Postsecondary education needs alternative financing models
04-14-2021 08:38am

Postsecondary education needs alternative financing models

By Steven Taylor, Charles Koch Institute

This Viewpoint is part of an ongoing series, “Building a brighter future: Big ideas for postsecondary education.” In this series, we ask innovators what could make a difference to learners in 2021 and beyond.    

Steven Taylor is a senior fellow on postsecondary education at the Charles Koch Institute. In 2019, he founded ED2WORK® to help postsecondary institutions and employers address the critical needs of adult and working learners.

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Nationally, student-loan debt now totals $1.7 trillion. Adjusting for inflation, tuition has increased 238 percent between 1980 and 2016, outpacing rising health-care costs in the same period.

What should be done? Cancelling student-loan debt or providing free community college will not solve the root cause of surging cost. Nor will income-driven repayment incentivize institutions to drive down education costs. But innovative financing models like income-share agreements (ISAs) could make a positive difference.

The core of these agreements is that an education provider or a funder agrees to cover the cost (fully or partially) of the program in exchange for a portion of the student’s post-graduation income. This is usually around 10-15 percent of the graduate’s salary in a three-year period, only if the graduate earns an agreed-upon minimum salary (like $50,000).

ISAs and similar risk-sharing arrangements between students and institutions could have several positive benefits:

Removing barriers: Upfront risk-sharing arrangements remove the financial barriers to entry into post-secondary education that disproportionately impact low-income learners and students of color. Students are responsible for paying back the cost of their education only if they realize a positive employment outcome, as anticipated at the program’s start.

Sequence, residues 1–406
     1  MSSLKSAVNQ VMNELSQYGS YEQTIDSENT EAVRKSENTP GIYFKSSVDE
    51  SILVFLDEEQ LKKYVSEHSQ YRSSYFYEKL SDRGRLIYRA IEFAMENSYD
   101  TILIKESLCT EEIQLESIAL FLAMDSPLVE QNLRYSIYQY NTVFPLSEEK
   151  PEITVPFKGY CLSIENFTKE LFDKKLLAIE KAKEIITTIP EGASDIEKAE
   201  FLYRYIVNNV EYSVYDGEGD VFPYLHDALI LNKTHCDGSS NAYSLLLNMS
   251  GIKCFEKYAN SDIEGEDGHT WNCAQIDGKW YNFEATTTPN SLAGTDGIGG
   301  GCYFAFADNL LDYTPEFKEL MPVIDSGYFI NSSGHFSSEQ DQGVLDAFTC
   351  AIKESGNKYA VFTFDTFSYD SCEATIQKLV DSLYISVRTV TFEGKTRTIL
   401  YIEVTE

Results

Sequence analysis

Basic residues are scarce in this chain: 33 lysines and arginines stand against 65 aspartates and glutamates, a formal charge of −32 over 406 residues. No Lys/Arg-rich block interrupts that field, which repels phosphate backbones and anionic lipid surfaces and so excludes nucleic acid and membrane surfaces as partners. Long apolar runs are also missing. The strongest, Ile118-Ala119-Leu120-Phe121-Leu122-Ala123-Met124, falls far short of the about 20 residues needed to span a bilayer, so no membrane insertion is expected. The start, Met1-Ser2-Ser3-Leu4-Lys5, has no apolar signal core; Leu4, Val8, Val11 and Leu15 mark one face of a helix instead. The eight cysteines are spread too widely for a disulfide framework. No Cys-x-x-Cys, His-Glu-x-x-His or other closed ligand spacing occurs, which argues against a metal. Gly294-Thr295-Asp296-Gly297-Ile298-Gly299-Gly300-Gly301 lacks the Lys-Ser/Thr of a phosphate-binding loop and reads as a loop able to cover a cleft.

Focusing on outcomes: Providers and faculty are incentivized to design programs with value and relevance in mind and ensure the learning experience leads to gainful employment.

Controlling cost: Making government the primary payer by increasing federal student aid or making college free misses the opportunity to try new approaches that incentivize institutions to cut marginal costs (recent research suggests federal student aid is driving up tuition prices). For many students, the promise of a postsecondary education is that it will lead to better job prospects. Risk-sharing finance models would provide better signals regarding the utility of a credential in the marketplace, so educators can make the trade-offs necessary to deliver on that promise.

ISAs or upfront risk-sharing models are not the panacea to our cost and debt problems, nor are they likely appropriate across all of postsecondary education. But the success of current alternative financing models suggests that they should be considered as more than a niche solution with limited potential.

We need to focus on better, more sustainable approaches to post-secondary education finance, and that means addressing misaligned incentives. Since the Great Recession in 2008, state higher-education funding has generally declined, pushing more of the costs to students by way of tuition increases paired with federally subsidized borrowing. Ultimately, students bear the brunt of our poor solutions to date. While Caucasian students borrow a larger share of the cumulative loan debt, students of color experience greater hardships in repaying their student debt compared to other racial and ethnic groups.

The current system leaves far too many students saddled with untenable student debt while college costs rise out of reach for too many. Now is the time to consider alternatives.

The Charles Koch Foundation partners with social entrepreneurs to drive societal progress through academic research and innovations that help all learners realize their potential. Read more about the Foundation’s support for education. 

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